The financial markets do not look well -- and that could signal some rough waters as we steadily head towards the summer season. Despite strong employment numbers on paper, and amid a Federal Reserve that is positioning itself in a more dovish manner, Wall Street has not taken those cues as signs of strength. Instead, the markets appear pensive, unsure of what tomorrow may bring. Indeed, it has been a wild journey over the past month, with the semblance of predictability being an ever-elusive target.
Let's cut straight to brass tacks. On the chart of the benchmark S&P 500, the bulls failed to advance the rally in blue chips. As I pointed out to premium members of Future Money Trends, the markets were flashing clear signals ahead of a critical juncture. Pass, and the markets have a good chance of moving higher. Fail, and the opposite probability is the risk. We've crossed that juncture, and as you can tell, things aren't looking chipper.
Now, the most obvious technical signal is the 200 day moving average. This long-term indicator has been wavering since late-August of last year -- exactly at the moment of the summer panic of 2015. Currently, the price action hangs delicately over the 200 DMA. Traders are watching this development very carefully. If the price action continues to fall, and breaches the long-term average, that could precipitate further selloffs.
The reason is two-fold. First, and perhaps most significantly, the fund managers that are essentially the gatekeepers to the multi-trillions of retirement dollars that Americans have saved in investment vehicles like a 401K plan need to make money. It sounds obvious, but it's an often overlooked fact. Fund managers are graded on performance, and are graded at multiple intervals. Should a fund manager know that they are looking at a weak quarter, there's really nothing to prevent him or her from dumping losers and jumping on to winners.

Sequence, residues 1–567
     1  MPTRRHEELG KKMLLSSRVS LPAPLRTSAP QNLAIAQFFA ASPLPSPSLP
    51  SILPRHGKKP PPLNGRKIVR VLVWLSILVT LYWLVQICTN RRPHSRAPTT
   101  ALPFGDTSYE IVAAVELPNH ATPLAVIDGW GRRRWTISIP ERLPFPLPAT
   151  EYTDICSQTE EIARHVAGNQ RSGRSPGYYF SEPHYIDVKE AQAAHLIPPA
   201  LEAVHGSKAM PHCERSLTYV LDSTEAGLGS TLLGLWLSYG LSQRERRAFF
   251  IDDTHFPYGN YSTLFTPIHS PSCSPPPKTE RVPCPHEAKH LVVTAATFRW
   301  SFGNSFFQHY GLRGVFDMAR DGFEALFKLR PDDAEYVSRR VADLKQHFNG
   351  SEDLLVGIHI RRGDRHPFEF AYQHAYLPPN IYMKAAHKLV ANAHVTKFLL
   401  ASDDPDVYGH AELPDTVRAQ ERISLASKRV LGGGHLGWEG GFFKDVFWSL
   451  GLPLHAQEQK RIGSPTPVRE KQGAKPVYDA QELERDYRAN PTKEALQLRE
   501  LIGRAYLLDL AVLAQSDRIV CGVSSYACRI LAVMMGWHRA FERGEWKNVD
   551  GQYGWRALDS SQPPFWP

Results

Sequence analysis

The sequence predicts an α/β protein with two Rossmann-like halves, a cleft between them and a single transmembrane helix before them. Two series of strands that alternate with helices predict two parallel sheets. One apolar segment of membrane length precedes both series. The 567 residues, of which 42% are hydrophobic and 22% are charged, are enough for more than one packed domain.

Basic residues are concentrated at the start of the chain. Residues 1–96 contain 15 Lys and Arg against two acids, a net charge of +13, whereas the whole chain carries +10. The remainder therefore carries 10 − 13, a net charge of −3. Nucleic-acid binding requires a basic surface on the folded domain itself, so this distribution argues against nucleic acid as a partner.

Well, the losers in this case is starting to shape up to be the S&P 500. We can all agree that it is the international benchmark for financial performance. At the same time, it has barely broke even for the year. In anyone's book -- and especially Wall Street's -- that is a loss. Nobody prances around after a stalemate. If you aren't winning, you're dying.
The second reason is that there hasn't been much commitment by the part of traders and professional money managers to move this present rally further. It has potential, but money isn't actualized on potential. Wall Street guys are the first to tell you this, and that's why they're paying close attention to technical indicators like the aforementioned 200 DMA. The direction of the markets at these important junctures can tell a lot about the sentiment of other traders.
This watch-and-wait mode by the smart money is worrisome for the rest of us. If they feel uneasy, so should we. Unfortunately, the general public is not privy to such technical nuances, and they risk a great comeuppance for their ignorance.